Science project on sugar contents in foods

Written by larryp
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Science project on sugar contents in foods
Bring science lessons alive with food sugar experiments. (Wavebreakmedia Ltd/Wavebreak Media/Getty Images)

Show students how the sugar content in fruit changes as it ripens or determine how much sugar is contained in every day foods with classroom experiments. These experiments can also contribute to lessons about how sugar affects the diet and dental health. Some experiments will require a refractometer from the school's science department or a glucose meter but most don't take much time.

Ripening fruit

This experiment uses a refractometer to show how the content of sugar changes as fruit ripens. For this experiment, use bananas as they ripen. Get five unripe bananas all as close to the same size as possible. Take one unripe banana and cut off 7.5 cm (3 inches) and mash the banana. Place the mashed banana in cheesecloth then strain the banana through the cheesecloth on to the refractometer lens. The meter measures the banana's sugar content. On day two take another banana and repeat the process. Repeat this process on day four, day six and, day eight, using a different banana each time. Record all readings in a lab journal to chart the differences.

Sugar in drinks

This experiment shows the sugar content in beverages or a comparison of sugar to caffeine. First, choose a variety of soft drink and juices to test. You will need a refractometer again. For caffeine comparison choose caffeinated and caffeine-free beverages. Refrigerate the liquids for at least 15 minutes. Take the beverage out and take a dropper and fill the dropper with the liquid. Drop the liquid on to the refractometer and get the measurement of sugar content. Write down all numbers in a lab notebook. Repeat this again with the same beverage at least once more to ensure the numbers add up. Then, repeat this process for each of the drinks you have chosen.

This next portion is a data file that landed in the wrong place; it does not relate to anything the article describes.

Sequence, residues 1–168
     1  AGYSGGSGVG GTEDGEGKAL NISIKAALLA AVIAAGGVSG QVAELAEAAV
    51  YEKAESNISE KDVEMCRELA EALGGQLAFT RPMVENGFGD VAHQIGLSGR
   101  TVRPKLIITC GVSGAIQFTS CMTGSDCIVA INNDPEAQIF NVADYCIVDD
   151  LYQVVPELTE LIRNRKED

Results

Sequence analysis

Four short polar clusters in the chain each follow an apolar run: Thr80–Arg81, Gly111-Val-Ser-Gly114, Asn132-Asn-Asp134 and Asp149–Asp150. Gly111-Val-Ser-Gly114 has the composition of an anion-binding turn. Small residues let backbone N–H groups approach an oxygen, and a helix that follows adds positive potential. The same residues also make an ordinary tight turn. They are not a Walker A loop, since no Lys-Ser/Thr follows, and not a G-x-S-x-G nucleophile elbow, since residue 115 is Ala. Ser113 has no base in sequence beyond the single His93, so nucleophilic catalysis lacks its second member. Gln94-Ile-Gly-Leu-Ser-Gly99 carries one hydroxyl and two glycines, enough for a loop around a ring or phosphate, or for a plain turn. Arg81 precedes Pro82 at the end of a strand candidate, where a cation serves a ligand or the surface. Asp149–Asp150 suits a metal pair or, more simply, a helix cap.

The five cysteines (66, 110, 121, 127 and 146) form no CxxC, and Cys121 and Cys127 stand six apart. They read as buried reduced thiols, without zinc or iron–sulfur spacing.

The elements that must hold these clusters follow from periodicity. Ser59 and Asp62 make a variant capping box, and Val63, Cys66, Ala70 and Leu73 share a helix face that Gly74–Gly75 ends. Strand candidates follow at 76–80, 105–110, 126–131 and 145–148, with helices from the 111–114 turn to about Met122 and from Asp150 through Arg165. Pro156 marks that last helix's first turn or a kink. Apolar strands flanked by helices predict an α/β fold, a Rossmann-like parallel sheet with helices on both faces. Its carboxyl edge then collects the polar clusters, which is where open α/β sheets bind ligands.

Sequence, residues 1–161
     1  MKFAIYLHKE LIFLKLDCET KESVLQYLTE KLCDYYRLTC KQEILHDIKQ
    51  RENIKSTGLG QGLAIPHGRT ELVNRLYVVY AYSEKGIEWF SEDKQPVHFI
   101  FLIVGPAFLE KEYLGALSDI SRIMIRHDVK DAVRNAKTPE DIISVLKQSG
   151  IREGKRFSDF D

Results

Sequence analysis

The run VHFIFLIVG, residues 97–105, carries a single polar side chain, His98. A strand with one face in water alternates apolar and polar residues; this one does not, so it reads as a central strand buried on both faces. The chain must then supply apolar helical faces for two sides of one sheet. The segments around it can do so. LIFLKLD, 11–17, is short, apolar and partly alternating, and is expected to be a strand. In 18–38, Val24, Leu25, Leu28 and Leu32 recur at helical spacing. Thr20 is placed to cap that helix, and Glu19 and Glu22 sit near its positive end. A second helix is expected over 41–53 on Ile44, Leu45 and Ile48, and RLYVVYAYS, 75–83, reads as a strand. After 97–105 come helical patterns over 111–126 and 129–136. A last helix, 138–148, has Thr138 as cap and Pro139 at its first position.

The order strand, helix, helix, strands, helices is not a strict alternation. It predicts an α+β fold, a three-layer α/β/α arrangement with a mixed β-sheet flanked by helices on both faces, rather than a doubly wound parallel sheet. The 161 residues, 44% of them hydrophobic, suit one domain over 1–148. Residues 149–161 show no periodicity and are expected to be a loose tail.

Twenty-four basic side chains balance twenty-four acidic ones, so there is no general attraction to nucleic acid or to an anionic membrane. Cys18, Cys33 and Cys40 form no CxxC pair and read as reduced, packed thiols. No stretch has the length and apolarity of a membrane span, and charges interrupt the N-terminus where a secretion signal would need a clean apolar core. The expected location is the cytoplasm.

Glucose concentration

Pick a variety of different foods to test for glucose concentration, such as honey, fruits, salad dressing, baby food and peanut butter. Dilute honey with water by taking 15 ml (1 tbsp) of honey and combining it with 150 ml (5 fl oz) of water. Mash the fruits and strain them through cheesecloth to extract the juice and then pour the liquid into a cup. Take a glucose test strip and dip the strip into the liquid -- once it's wet start a stopwatch and time it for 30 seconds. Take the strip out and compare it to the chart on the glucose strip box to get the value. Repeat for all other foods and chart your numbers as you test. If the honey was used, take the number from the chart and multiply it by 10 to compensate for dilution.

Apple sugar levels

This experiment compares different kinds of apples and their sugar content. Use Granny Smiths, Braeburns, Golden Delicious and Russet apples. Cut and mash the apples and squeeze the chunks through cheesecloth over the refractometer lens until liquid drops on to the lens. Write down the readings.

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